Italiano ♦ English
In the 90s suddenly came, and winds still with us, a strange desire. To reset the styles and unify Karate. Why should we go on with this incessant and foolish fragmentation of our discipline, with the styles rivaling each other, with techniques and katas differing up till making the same form, except for its name, almost unrecognizable when performed by a karateka from a different school? Would not it be better to give it a rest? To sit down around a table and decide to gather all of us under the same roof, unify the curricula and ensure synergy, all working for the same, common goal, in the same way? That was, I think, the basic idea. But is it still really a good idea?
Put it this way. No matter our personal opinion, no matter how we actually respond to the question. Karate is already one and only one. When they ask me what is the sport I practice (okay, I know, I always shudder at the word sport and I’d like to point out saying «discipline, please», but I can’t stay always there to point out everything) I don’t say «Wado-ryu». I answer: «Karate». Doing so, my interlocutor immediately understands what I’m talking about, because in his mind Karate exists, while Wado–ryu, Shotokan, Goju and Shito-ryu probably doesn’t. And it is quite understandable.
If you were abducted by aliens, brought to live on the fourth M-class planet orbiting Alpha Centauri and a new indigenous acquaintance, a few years later, were asking you where do you come from, you probably wouldn’t answer «from Rome» or «from Italy», but: «from the planet Earth». And that’s not enough. If we’d ask ourselves: «Is the world actually one?» what would we answer? «Yes, of course». Yet on Earth, there are an endless variety of different worlds and cultures. Take, for example, the languages. On our planet, there are seven thousand of idioms, and all serve the same purpose: to communicate between us. Okay. But then, wouldn’t it be better, for this purpose, that we all speak the same? Guys, this is where things get complicated. Because in order to answer to this question we need to think a little, and think carefully.
When we translate a text from one language to another we realize that some shades of meaning are irreproducible. Something goes invariably lost. They call it lost in translation. It happens because communication is not a mere act of transfer of information, but a deep spiritual and delicate process of sharing, creation and composition that takes many years of attention and interaction, in order to effectively and successfully establish. Each language influence the way the people think. And each language produces, in its own literature, something unique and unrepeatable that wouldn’t be possible in different cultures and idioms. Here it is. And now we are ready to go back to Karate.
Think of Karate as the world. The world in which all of us karatekas live. The world is one – and Karate is one. If we spoke with someone who is not from our own world, and he or she were asking us where do we come from, we would now know very well what to answer. Nevertheless, we also know that in our world there are many languages, that is different styles, that is different ways to do the same thing. And each of these styles aims to practice the same thing (Karate), pursuing the same goal. So why not unify them? Answer: because we’d lose something precious. Something immeasurably important, unique, irreproducible. Something expressible only within a specific style.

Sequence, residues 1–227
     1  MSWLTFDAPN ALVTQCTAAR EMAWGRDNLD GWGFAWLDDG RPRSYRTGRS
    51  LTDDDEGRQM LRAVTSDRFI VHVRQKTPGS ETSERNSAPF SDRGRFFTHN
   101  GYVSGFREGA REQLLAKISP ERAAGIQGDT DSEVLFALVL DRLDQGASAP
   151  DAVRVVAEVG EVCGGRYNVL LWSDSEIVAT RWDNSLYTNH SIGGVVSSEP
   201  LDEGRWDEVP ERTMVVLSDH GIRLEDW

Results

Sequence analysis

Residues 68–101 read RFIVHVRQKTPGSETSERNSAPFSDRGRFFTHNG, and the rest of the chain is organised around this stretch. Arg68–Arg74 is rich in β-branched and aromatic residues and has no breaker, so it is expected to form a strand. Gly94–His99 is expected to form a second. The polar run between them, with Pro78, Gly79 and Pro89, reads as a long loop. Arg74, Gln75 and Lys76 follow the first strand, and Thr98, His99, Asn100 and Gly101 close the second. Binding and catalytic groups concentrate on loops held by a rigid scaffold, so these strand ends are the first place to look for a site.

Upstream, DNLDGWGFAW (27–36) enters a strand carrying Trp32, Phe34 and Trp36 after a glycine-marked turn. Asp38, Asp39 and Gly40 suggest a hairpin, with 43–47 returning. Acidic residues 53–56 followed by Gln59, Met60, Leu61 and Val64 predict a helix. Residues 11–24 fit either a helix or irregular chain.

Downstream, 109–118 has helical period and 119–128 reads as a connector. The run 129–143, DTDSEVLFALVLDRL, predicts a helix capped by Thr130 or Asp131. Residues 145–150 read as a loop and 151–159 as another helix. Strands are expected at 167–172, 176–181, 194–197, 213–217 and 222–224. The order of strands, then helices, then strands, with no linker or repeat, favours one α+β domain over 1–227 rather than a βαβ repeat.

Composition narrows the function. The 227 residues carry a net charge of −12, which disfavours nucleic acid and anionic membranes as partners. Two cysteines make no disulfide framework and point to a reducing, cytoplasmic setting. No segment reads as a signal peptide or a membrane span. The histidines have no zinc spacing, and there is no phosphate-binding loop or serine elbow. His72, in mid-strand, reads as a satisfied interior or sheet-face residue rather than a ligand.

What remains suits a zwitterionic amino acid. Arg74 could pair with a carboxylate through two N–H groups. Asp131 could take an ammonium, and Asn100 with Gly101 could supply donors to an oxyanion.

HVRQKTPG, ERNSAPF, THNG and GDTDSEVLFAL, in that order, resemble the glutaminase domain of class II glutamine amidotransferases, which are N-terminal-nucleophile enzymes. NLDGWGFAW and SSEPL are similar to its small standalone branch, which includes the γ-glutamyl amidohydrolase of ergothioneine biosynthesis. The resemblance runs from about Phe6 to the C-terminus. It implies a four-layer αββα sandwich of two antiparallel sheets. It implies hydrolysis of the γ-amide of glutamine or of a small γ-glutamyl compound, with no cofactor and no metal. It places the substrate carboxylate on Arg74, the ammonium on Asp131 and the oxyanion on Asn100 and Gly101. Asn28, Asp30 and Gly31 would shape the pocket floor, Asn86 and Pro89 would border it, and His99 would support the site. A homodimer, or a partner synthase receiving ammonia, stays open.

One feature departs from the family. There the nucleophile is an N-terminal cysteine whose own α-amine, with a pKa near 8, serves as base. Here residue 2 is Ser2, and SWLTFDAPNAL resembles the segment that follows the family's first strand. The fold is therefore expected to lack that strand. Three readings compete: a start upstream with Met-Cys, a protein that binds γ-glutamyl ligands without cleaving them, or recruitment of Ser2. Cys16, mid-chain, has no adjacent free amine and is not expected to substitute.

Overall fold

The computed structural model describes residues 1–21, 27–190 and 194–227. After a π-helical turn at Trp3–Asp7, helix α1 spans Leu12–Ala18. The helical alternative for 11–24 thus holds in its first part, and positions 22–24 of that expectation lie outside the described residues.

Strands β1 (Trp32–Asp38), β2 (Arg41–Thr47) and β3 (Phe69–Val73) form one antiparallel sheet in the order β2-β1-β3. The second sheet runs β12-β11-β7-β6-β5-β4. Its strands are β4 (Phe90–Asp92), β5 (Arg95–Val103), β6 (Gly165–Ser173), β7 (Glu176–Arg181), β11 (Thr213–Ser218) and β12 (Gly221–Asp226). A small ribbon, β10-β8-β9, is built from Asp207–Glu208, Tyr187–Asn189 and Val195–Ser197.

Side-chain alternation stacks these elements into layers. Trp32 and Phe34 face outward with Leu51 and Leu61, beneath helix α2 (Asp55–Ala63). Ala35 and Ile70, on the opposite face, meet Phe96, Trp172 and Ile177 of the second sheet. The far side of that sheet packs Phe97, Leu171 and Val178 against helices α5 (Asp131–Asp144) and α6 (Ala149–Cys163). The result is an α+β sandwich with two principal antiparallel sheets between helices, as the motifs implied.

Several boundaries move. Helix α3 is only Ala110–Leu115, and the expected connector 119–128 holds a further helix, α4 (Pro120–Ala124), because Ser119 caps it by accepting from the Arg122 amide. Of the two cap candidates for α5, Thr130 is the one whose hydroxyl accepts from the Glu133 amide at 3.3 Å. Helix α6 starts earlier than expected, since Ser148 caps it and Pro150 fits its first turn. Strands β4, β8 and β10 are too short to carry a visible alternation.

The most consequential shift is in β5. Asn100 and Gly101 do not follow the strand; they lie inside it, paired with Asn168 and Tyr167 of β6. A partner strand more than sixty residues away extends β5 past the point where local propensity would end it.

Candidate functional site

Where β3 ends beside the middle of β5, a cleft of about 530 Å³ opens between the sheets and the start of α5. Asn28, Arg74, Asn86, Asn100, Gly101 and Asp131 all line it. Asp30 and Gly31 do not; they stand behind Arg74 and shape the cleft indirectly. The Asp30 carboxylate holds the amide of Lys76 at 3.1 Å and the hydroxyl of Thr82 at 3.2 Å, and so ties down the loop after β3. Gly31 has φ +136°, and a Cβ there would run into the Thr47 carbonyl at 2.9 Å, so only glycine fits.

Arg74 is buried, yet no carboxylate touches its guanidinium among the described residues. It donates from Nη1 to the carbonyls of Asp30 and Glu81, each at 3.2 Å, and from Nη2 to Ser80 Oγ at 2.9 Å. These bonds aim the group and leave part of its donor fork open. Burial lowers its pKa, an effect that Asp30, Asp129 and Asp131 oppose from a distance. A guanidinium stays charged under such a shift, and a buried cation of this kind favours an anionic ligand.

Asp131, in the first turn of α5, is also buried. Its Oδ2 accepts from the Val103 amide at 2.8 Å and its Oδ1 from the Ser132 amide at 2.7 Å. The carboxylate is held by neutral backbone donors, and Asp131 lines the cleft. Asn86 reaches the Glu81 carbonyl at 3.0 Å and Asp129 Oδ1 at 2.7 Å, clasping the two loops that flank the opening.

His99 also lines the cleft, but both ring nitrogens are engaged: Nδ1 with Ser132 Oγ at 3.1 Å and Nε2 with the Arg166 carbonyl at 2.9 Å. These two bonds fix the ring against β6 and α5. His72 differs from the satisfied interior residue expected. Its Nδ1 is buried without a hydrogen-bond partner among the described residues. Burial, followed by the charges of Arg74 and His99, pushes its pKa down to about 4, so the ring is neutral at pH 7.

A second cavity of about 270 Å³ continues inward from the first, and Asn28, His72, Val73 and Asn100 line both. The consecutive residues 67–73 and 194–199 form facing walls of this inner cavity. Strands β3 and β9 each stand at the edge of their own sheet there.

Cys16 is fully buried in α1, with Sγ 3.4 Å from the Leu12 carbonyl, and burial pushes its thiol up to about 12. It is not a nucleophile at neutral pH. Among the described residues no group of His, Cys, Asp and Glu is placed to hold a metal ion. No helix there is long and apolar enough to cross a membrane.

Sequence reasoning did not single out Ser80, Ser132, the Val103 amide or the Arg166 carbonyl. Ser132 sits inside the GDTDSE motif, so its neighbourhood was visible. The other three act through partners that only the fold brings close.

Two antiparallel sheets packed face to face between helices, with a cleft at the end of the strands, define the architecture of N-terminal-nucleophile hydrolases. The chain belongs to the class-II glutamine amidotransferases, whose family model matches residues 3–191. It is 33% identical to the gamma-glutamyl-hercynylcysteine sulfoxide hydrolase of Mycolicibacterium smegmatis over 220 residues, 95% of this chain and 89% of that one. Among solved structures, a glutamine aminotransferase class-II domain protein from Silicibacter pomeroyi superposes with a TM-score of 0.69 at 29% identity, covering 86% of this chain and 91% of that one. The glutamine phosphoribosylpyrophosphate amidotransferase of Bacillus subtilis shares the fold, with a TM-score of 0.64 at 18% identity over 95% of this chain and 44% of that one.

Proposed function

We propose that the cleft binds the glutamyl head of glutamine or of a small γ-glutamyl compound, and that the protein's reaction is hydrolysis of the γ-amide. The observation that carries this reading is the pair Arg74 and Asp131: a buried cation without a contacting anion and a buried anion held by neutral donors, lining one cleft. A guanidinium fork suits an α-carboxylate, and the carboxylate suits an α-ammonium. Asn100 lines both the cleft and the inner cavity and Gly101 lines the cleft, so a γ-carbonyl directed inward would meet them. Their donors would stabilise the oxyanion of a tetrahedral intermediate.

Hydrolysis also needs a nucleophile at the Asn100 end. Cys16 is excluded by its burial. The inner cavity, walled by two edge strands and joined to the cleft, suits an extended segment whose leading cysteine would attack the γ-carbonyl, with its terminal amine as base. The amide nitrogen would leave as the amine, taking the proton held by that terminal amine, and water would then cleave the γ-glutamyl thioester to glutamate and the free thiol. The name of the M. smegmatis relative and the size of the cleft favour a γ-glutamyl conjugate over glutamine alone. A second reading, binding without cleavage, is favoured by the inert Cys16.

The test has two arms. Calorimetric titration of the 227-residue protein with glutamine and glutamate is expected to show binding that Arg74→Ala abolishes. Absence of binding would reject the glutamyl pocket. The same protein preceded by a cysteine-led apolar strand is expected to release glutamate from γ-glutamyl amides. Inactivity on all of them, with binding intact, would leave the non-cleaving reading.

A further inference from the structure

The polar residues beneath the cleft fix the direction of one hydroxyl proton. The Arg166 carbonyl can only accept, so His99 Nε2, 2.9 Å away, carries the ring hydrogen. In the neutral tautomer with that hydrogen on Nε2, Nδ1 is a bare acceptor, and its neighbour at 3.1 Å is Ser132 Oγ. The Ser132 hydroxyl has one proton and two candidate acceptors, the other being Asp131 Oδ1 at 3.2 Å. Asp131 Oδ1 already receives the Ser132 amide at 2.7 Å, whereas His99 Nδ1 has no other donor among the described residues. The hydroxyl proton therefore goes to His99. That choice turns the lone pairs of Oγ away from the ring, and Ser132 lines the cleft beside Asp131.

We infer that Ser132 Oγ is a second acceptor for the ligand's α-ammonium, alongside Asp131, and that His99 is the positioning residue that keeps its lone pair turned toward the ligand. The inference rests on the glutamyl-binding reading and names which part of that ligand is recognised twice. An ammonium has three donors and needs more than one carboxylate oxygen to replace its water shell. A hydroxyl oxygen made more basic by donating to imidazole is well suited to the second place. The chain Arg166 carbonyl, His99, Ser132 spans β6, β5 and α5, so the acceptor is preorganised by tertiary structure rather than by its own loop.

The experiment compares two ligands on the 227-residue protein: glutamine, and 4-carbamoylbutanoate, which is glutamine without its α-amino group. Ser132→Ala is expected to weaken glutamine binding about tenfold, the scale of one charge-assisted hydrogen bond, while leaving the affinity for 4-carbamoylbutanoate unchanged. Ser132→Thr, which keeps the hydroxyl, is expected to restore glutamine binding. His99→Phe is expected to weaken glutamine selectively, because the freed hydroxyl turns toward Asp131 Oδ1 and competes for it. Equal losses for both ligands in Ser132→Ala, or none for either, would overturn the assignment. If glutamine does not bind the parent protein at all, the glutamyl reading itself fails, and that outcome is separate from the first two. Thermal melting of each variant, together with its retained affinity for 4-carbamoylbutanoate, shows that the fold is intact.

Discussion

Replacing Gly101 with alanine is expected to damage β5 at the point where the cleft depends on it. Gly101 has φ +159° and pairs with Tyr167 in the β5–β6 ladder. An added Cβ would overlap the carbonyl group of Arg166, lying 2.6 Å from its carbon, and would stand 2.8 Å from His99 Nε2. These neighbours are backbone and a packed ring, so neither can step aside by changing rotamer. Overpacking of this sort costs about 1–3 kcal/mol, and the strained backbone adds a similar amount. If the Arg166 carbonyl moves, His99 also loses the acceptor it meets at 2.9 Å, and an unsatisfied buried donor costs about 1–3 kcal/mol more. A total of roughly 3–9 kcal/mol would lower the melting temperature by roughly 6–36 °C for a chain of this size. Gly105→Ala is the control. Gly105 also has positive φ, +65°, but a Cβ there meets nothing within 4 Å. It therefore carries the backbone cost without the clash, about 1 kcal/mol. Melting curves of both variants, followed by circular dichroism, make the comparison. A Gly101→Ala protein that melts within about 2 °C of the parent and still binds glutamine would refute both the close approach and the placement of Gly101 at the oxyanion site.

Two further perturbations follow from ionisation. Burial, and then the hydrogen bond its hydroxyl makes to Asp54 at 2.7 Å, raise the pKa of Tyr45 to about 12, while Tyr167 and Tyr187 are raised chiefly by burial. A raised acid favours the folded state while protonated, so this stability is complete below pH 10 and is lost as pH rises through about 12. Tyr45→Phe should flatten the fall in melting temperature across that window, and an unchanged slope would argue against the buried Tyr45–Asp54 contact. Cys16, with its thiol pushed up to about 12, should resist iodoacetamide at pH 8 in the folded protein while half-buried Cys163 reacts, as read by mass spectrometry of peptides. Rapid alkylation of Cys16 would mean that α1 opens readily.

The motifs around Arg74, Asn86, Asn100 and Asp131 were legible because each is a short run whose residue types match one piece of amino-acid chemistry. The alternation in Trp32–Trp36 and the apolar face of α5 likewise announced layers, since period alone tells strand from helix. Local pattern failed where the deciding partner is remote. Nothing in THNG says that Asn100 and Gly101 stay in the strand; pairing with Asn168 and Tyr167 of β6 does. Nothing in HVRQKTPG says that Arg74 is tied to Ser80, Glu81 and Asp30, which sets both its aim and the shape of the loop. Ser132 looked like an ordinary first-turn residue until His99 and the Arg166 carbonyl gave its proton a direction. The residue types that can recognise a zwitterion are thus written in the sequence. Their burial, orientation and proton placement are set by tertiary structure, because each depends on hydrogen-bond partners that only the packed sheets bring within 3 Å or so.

Should we maybe adopt that attitude of humility that we’ve been taught to be the foundation of Karate and Budo, letting nature, even that of Karate, run its course freely, like a river flowing from the mountains to the sea? Experience suggests the goodness of this way. The early good sports results, where there was the unification (for example, in Italy), seem now to be challenged by the powerful return, in other nations, of the traditional Karate spirit with a new specific work in progress on the styles, even in the competitive contexts. In the traditional contexts, instead, the attempts to bring Karate to its origins, to the mythical Golden Okinawan Age when the very true (and secret!) Karate was thaught and practiced, made through a sort of historical research without any written sources and with a very few, contradictory and imaginative oral testimony (indirect, moreover) it’s producing even worse results, sometimes challenging the common sense of the ridiculous. The myths of human culture and the whole human history both teach us that any forced unification invariably brings to a failure (think of the universal artificial language of Esperanto: just a few hundreds of people in the world know it and use it).
An act of arrogance has made us erect the Tower of Babel, and the result was the dispersion of all of us in different and countless cultures and languages. Trough a new act of arrogance we now aim to put them together, annihilating every particularity, every uniqueness, every difference. Proving ourselves that we haven’t still understood how that apparent divine punishment was, actually, a blessing. The blessing of the plurality of branching, which every plant and tree know so well. None of them would survive long if instead of the countless twisted and ramified roots they had a single linear stump plunged into the earth.
And, as I see it, not even Karate. ♦ Leggilo in italiano